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Please be aware that this old REACH registration data factsheet is no longer maintained; it remains frozen as of 19th May 2023.

The new ECHA CHEM database has been released by ECHA, and it now contains all REACH registration data. There are more details on the transition of ECHA's published data to ECHA CHEM here.

Diss Factsheets

Administrative data

Link to relevant study record(s)

Description of key information

Key value for chemical safety assessment

Bioaccumulation potential:
no bioaccumulation potential

Additional information

No experimental data are available regarding the toxicokinetic behavior and metabolism of di-n-butyl ether. The appearance of systemic toxicity after oral and inhalative exposure shows the bioavailability of dibutyl ether via these routes. Given the Log Kow of 3.35 and Molecular Weight of approximately 130, di-n-butyl ether is likely to penetrate the skin based on the EPA DERMWIN QSAR program that predicts the log Kp to be -1.135 The EPA DERMWIN QSAR uses the calculation Log Kp = -2.72 + 0.71*(Log Kow) - 0.0061(MW).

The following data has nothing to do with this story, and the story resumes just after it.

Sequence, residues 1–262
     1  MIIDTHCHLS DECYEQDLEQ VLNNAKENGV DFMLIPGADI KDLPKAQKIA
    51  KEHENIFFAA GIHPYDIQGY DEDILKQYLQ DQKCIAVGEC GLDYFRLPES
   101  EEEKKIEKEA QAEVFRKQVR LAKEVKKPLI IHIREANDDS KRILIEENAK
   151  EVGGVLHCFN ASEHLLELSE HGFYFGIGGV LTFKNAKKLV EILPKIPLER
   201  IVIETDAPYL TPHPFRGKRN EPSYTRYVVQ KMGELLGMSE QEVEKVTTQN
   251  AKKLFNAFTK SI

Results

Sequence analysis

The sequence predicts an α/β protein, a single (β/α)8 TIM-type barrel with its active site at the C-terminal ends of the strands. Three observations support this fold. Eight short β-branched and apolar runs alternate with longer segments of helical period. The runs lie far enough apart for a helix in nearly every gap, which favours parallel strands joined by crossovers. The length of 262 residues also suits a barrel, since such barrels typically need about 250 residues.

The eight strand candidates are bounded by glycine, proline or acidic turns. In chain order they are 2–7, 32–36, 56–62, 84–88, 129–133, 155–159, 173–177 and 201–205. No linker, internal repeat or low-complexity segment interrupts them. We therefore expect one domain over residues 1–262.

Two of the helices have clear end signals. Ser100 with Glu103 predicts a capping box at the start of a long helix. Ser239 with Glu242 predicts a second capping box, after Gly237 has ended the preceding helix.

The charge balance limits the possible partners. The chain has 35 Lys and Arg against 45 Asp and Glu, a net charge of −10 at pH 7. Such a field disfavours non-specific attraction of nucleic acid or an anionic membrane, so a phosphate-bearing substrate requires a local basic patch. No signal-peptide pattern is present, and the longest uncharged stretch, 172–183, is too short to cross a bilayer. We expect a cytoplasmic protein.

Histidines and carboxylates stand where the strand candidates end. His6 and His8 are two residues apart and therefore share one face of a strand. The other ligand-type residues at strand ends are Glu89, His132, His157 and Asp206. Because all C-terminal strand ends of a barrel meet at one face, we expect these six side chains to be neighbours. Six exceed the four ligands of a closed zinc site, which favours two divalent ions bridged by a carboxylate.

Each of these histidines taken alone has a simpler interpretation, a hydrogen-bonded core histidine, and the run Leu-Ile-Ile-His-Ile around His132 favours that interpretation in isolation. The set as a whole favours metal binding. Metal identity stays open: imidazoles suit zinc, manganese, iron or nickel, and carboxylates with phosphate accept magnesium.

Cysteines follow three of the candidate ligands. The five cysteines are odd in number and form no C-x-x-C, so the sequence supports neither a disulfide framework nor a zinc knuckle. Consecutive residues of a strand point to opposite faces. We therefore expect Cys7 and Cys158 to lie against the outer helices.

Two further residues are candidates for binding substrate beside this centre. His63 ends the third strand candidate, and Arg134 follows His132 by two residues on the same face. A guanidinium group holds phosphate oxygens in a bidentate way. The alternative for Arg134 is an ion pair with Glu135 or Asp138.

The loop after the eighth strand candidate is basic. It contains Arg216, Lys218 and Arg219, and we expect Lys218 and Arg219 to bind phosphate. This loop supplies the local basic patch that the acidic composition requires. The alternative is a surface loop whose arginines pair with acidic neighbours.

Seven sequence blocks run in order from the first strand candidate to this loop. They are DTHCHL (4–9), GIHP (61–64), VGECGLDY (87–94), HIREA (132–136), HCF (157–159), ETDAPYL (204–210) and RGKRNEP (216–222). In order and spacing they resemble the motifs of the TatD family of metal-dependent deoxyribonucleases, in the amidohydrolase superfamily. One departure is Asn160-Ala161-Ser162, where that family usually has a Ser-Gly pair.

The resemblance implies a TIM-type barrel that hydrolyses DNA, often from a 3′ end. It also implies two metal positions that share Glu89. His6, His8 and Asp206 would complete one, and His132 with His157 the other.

It should be noted that this substances is also volatile (vapour pressure of 4.6hPa) and so it will easily volatalise, therefore dermal exposures in unnocluded circumstances will be less likely to lead to significant systemic exposure. Occluded or semi-occluded exposures would however likely lead to systemic exposure. No data is available regarding metabolism, however liver enzyme induction observed in the 4 week repeated dose oral study indicates this substance is metabolised to some extent prior to excretion, potentially involving breaking of the ether bond and/or glucuronic acid conjugation. Breaking of the ether bond will release n-butanol which can be subsequently metabolised to the butanoic acid or excreted as is via exhalation or urniary excretion. Based on the physicochemical properties of this substance it is likely that this substance is excreted via the urinary route and potentially exhalation (given the volatilty). The metabolism of the ether bond is known to happen with the glycol ethers via O-dealkylation, where the ether bond is metabolised releasing the glycol and the alcohol. For example, the glycol ether phenoxy propanol is metabolised to some extent to release phenol and propylene glycol (Saghir et al, 2003 - xenobiotica, vol. 33, no. 10, 1059–1071). Given the potential for this metabolism of the ether bond it is considered plausible to utilise repeated dose toxicity data on butanol in conjunction with the available data on n-butyl ether to characterise the repeated dose toxicity of this substance. Additional support for this metabolic pathway comes from the various publications on the human metabolism of methyl tert butyl ether, where o-dealkylation removes the methyl group, leaving a tertiary butanol group: Amberg et al 1999 (Tox.Sci. 51, 1 -8).